Conclusions: Continuous chest compressions using a mechanical chest compression device and simultaneous synchronized ventilation using an oxygen-powered resuscitator in an automatic triggering mode might be feasible during cardiopulmonary resuscitation.

Keywords: cardiopulmonary resuscitation, emergency therapy, ventilation, ventilators, emergency medical services


Hintergrund: Geräte zur mechanischen Thoraxkompression werden heute routinemäßig eingesetzt, unter anderem, weil sie eine kontinuierliche Kompressionsstärke, -tiefe und -frequenz während einer kardiopulmonalen Reanimation ermöglichen. Bezüglich der Beatmung bei Reanimation mittels Thoraxkompressionsgerät in kontinuierlichem Modus gibt es aktuell keine Empfehlungen. Dafür wäre ein mit Sauerstoff betriebener triggerbarer Ventilator eventuell geeignet.

Methode: Wir berichten von sieben Reanimationen im Münchner Rettungsdienst, die mittels Thoraxkompressionsgerät im kontinuierlichen Modus durchgeführt wurden und bei denen gleichzeitig ein mit Sauerstoff betriebener, automatisch auslösender Notfallventilator zur Anwendung kam. In allen sieben Fällen handelte es sich dabei um den Oxylator®, der im automatischen Modus jedes Mal in der Dekompressionsphase der Thoraxkompression einen Beatmungshub auslöst. Somit beatmet der Ventilator synchron mit dem Thoraxkompressionsgerät mit einer Beatmungsfrequenz von 100 pro Minute. Als Monitoring dienten endtidales Kohlendioxid und die Sauerstoffsättigung. Weitere Daten wurden den Rettungsdienstprotokollen entnommen.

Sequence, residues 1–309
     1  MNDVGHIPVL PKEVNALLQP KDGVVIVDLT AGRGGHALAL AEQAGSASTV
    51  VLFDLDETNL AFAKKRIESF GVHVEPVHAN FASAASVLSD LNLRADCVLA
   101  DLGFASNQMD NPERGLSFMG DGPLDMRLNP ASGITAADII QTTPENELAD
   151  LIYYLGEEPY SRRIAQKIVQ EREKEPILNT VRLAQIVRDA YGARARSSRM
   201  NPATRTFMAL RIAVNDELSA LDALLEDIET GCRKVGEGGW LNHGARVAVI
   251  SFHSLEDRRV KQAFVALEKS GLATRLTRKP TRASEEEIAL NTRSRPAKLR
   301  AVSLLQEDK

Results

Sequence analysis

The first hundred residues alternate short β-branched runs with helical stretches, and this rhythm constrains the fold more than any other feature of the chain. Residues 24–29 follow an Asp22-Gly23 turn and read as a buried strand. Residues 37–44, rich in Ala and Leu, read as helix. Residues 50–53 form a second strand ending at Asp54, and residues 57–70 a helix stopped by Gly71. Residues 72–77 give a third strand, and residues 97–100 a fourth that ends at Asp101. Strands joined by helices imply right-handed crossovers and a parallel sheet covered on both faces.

Ergebnisse: Endtidales Kohlendioxid war in allen sieben Fällen messbar, die Sauerstoffsättigung nur in vier. Bei fünf der Patienten konnte eine Wiederherstellung des Kreislaufes erreicht werden. Basierend auf den endtidalen Kohlendioxidwerten kann eine gute Qualität der kardiopulmonalen Reanimation angenommen werden sowie eine Hyperventilation als unwahrscheinlich erachtet werden.

Fazit: Während einer kardiopulmonalen Reanimation mittels Thoraxkompressionsgerät im kontinuierlichen Modus war eine Ventilation mit einem sauerstoffbetriebenen, automatisch auslösenden Notfallventilator in sieben Fällen zuverlässig möglich.

Schlüsselwörter: kardiopulmonale Reanimation, Notfalltherapie, Beatmung, Notfallventilatoren, Rettungsdienst


Out-of-hospital cardiac arrest is a common cause of Emergency Medical Service (EMS) notification in Germany. Survival requires immediate cardiopulmonary resuscitation (CPR) [1] with survival rates ranging from 0.3% to 31% [2]. In Munich, the thirty-day survival rate for out-of-hospital cardiac arrest is currently 12.1%. The aim of CPR is to ensure sufficient cerebral and cardiac blood flow applying heart massage and oxygen ventilation with the goal to achieve a return of spontaneous circulation (ROSC). Guidelines for CPR by the European Resuscitation Council recommend a ratio of 30 chest compressions to 2 breaths, at a compression depth of 5 cm and a frequency of 100 compressions per minute [3].

However, even amongst experienced healthcare professionals, chest compressions and ventilation are often insufficient focusing on quality of CPR more recently [4], [5], [6]. Mechanical chest compression devices (MCCDs) allow a constant force and frequency of chest compressions. These devices increase cardiac output and hence cerebral and cardiac perfusion [7], [8]. Maintaining continuous chest compressions is important since small interruptions may have a negative impact on survival and neurological outcomes [9], [10], [11], [12]. Consequently, a ventilation method that does not cause any interruptions in chest compressions or can be used during continuous mode of MCCDs might have positive effects on outcomes.